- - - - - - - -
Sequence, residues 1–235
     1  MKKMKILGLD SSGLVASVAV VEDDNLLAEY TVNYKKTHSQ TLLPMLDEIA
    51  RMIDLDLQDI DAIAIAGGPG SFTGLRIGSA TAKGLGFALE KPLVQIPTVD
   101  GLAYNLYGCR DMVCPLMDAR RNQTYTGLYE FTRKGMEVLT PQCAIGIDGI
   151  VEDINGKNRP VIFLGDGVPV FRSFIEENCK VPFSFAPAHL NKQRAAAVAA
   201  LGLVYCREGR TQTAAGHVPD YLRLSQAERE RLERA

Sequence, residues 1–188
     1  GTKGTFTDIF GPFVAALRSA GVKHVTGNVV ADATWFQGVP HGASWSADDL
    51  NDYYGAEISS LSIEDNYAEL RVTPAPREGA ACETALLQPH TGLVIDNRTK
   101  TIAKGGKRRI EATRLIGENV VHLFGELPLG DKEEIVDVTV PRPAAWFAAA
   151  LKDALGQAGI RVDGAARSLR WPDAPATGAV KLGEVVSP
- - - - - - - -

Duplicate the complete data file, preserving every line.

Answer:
Sequence, residues 1–235
     1  MKKMKILGLD SSGLVASVAV VEDDNLLAEY TVNYKKTHSQ TLLPMLDEIA
    51  RMIDLDLQDI DAIAIAGGPG SFTGLRIGSA TAKGLGFALE KPLVQIPTVD
   101  GLAYNLYGCR DMVCPLMDAR RNQTYTGLYE FTRKGMEVLT PQCAIGIDGI
   151  VEDINGKNRP VIFLGDGVPV FRSFIEENCK VPFSFAPAHL NKQRAAAVAA
   201  LGLVYCREGR TQTAAGHVPD YLRLSQAERE RLERA

Sequence, residues 1–188
     1  GTKGTFTDIF GPFVAALRSA GVKHVTGNVV ADATWFQGVP HGASWSADDL
    51  NDYYGAEISS LSIEDNYAEL RVTPAPREGA ACETALLQPH TGLVIDNRTK
   101  TIAKGGKRRI EATRLIGENV VHLFGELPLG DKEEIVDVTV PRPAAWFAAA
   151  LKDALGQAGI RVDGAARSLR WPDAPATGAV KLGEVVSP